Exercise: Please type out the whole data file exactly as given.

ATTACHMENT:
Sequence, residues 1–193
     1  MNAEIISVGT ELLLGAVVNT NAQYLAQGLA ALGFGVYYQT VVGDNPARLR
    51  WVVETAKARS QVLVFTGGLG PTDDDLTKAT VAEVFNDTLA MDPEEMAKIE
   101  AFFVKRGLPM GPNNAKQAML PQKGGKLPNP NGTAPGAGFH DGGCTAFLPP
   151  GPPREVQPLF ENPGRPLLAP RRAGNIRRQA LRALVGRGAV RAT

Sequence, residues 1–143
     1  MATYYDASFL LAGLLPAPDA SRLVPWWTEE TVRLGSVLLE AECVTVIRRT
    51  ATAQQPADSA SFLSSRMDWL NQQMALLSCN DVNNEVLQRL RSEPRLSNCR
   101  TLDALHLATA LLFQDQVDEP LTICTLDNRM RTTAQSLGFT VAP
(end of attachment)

Sequence, residues 1–193
     1  MNAEIISVGT ELLLGAVVNT NAQYLAQGLA ALGFGVYYQT VVGDNPARLR
    51  WVVETAKARS QVLVFTGGLG PTDDDLTKAT VAEVFNDTLA MDPEEMAKIE
   101  AFFVKRGLPM GPNNAKQAML PQKGGKLPNP NGTAPGAGFH DGGCTAFLPP
   151  GPPREVQPLF ENPGRPLLAP RRAGNIRRQA LRALVGRGAV RAT

Sequence, residues 1–143
     1  MATYYDASFL LAGLLPAPDA SRLVPWWTEE TVRLGSVLLE AECVTVIRRT
    51  ATAQQPADSA SFLSSRMDWL NQQMALLSCN DVNNEVLQRL RSEPRLSNCR
   101  TLDALHLATA LLFQDQVDEP LTICTLDNRM RTTAQSLGFT VAP